A reader asks:
Need help with Dad! He’s never been much of an investor but was always a saver. After a fairly successful sales management career he lost his job back in 2018/19 right before the pandemic. Since then he’s been spending his nest egg slowly while delivering Doordash for some income to help stay afloat while looking for a job. He’s 61 and doesn’t spend money frivolously and he is single.
He recently started investing small amounts weekly but suggested he should cut that out to compensate for a recent rent increase. He doesn’t see much growth in such a small portfolio but he does feel like his weekly deposits are being flushed down the drain with this recent volatility. Any words of wisdom to convince him to weather the storm?
He’s very healthy and should have another good decade or 2 of healthy life. What would you guys suggest?
The good news is your dad is a saver and not a big spender. The bad news is he doesn’t have a lot of time to allow compounding to help with new savings.
I wrote an entire chapter in my book Everything You Need to Know About Saving For Retirement about getting a late start investing your retirement savings.
I’ll share an example from that chapter that might help here.
Let’s assume Carl and Carla Carlson are both 50 years old with little in the way of retirement savings. The kids are now out of the house so they can supercharge their savings to make up for lost ground.
Carl wants to take more risk to make up for their shortfall while Carla would rather increase their savings rate to make up for lost ground.
The Carlsons currently have a household income of $100,000 that will grow at a 2% cost of living adjustment each year. Carla expects their investments to compound at 6% annually and would like to save 20% of their income, while Carl thinks he can do much better than that by trading stocks and saving a little less. Carla thinks Carl is too overconfident in his stock-picking abilities and would rather save more money than take on a riskier investment strategy.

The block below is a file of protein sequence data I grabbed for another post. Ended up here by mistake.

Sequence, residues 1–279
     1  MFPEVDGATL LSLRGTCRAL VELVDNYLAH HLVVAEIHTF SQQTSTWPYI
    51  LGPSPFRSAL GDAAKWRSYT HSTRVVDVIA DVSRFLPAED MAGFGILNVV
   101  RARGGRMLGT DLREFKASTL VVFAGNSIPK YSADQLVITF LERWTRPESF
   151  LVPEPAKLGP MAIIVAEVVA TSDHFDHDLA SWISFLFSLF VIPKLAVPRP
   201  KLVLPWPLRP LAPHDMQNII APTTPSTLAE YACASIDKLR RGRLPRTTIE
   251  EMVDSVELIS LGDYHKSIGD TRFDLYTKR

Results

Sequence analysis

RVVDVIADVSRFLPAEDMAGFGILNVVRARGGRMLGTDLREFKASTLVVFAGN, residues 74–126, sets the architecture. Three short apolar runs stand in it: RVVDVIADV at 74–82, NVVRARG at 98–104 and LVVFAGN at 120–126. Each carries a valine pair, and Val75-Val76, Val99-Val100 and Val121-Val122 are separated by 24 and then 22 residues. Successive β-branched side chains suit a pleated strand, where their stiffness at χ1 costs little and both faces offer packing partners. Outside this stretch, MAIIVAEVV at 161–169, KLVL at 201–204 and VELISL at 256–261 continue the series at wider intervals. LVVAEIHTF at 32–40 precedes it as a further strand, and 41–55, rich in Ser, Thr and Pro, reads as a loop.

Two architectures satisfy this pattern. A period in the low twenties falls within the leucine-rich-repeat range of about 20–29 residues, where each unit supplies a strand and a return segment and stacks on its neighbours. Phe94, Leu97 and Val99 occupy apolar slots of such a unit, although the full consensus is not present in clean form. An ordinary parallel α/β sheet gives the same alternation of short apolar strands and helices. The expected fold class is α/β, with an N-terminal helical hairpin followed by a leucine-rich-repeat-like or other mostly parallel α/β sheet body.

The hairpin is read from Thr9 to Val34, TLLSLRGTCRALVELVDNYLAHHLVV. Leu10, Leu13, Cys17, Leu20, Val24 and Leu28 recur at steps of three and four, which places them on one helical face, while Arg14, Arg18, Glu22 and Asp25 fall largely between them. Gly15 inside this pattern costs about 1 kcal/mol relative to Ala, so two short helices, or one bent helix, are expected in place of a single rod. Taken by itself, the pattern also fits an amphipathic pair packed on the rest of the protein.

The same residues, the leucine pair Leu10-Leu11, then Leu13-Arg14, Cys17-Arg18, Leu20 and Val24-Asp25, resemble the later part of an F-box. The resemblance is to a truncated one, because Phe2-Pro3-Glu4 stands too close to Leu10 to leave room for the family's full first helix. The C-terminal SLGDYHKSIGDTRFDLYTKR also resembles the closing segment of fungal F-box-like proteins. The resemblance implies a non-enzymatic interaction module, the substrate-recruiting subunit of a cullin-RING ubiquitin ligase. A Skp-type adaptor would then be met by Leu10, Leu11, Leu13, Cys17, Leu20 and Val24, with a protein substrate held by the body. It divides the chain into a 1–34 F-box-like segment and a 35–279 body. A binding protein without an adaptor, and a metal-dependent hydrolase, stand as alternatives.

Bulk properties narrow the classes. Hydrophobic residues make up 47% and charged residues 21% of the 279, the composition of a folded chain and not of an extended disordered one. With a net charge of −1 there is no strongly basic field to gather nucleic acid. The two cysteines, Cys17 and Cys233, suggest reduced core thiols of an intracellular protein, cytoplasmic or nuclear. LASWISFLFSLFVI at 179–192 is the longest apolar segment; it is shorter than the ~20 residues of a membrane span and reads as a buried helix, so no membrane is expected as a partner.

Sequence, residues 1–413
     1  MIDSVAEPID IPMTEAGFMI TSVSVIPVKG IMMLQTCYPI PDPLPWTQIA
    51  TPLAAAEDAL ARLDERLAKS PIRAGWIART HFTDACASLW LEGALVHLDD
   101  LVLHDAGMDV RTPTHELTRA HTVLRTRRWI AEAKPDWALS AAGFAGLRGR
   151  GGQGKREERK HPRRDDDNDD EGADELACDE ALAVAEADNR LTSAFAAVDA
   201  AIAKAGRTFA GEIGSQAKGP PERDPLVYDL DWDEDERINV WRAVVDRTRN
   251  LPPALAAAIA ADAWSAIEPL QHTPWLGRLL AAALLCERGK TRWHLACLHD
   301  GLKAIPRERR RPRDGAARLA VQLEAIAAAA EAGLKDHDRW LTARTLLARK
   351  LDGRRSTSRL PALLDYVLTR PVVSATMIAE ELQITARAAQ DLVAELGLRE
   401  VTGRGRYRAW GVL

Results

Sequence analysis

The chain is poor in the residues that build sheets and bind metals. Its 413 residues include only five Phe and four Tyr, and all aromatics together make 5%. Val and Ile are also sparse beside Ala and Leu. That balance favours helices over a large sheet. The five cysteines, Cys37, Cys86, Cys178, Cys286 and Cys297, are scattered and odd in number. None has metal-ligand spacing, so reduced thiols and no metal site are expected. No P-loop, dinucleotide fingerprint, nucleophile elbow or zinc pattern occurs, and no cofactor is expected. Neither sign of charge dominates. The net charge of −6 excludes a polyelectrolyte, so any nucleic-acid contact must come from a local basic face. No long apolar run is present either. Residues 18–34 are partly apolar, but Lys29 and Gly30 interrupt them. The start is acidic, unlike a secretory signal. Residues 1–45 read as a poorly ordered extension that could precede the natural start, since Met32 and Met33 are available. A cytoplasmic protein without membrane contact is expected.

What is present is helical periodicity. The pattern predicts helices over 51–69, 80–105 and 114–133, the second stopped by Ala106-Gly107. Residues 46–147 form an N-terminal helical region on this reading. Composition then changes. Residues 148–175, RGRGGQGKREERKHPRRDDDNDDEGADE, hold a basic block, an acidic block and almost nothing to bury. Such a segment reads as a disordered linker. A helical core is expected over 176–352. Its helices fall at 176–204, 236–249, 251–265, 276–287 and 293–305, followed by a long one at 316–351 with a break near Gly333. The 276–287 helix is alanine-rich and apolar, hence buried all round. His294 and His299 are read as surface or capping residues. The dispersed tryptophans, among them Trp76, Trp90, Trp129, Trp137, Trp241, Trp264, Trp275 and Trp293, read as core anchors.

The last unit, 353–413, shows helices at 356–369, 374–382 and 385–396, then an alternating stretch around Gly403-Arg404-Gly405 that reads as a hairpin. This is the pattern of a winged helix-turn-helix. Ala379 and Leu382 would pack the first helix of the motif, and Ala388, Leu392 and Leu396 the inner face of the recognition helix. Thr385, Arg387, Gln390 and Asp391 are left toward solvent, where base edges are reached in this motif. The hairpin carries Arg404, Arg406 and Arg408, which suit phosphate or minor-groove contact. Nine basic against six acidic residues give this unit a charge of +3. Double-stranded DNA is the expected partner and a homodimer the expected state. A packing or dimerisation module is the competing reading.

The couple wants to retire by age 65 or 70 but are unsure how far their savings can get them in such a short amount of time.
Let’s look at an example that shows some baseline assumptions, a scenario with a higher savings rate and one where Carl’s stock picks knock it out of the park:
Surprisingly, doubling up your savings rate would lead to better outcomes than doubling up your investment returns over 10, 15 and 20 years.
And chances are Carl is not the second coming of Warren Buffett so increasing their savings rate is far easier than increasing their investment returns. You have control over how much you save. Few mere mortals have the ability to double up the financial markets.
So the fact that your father has more experience saving than investing is a net positive since saving is going to be more important than investing.
But this doesn’t mean your father can ignore the financial markets simply because he’s a saver.
The average life expectancy for a 61-year-old male is around 84 years old. That’s more than two decades to plan for (and it could be even longer if he’s above average).